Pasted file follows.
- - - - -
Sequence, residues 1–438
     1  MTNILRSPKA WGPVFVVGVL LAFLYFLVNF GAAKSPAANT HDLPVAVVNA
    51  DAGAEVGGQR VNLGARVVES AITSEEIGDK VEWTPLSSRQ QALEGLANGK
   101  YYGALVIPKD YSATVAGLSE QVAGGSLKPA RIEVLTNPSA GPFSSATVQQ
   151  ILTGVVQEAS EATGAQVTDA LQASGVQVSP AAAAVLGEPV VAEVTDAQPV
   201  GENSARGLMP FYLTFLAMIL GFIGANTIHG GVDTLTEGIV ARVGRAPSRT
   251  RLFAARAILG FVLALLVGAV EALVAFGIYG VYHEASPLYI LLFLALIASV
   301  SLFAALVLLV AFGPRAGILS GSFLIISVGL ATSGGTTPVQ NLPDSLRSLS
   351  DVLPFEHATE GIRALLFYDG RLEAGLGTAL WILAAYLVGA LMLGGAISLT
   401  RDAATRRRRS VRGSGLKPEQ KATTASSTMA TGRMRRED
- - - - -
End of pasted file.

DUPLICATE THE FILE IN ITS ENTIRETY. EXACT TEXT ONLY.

Sequence, residues 1–438
     1  MTNILRSPKA WGPVFVVGVL LAFLYFLVNF GAAKSPAANT HDLPVAVVNA
    51  DAGAEVGGQR VNLGARVVES AITSEEIGDK VEWTPLSSRQ QALEGLANGK
   101  YYGALVIPKD YSATVAGLSE QVAGGSLKPA RIEVLTNPSA GPFSSATVQQ
   151  ILTGVVQEAS EATGAQVTDA LQASGVQVSP AAAAVLGEPV VAEVTDAQPV
   201  GENSARGLMP FYLTFLAMIL GFIGANTIHG GVDTLTEGIV ARVGRAPSRT
   251  RLFAARAILG FVLALLVGAV EALVAFGIYG VYHEASPLYI LLFLALIASV
   301  SLFAALVLLV AFGPRAGILS GSFLIISVGL ATSGGTTPVQ NLPDSLRSLS
   351  DVLPFEHATE GIRALLFYDG RLEAGLGTAL WILAAYLVGA LMLGGAISLT
   401  RDAATRRRRS VRGSGLKPEQ KATTASSTMA TGRMRRED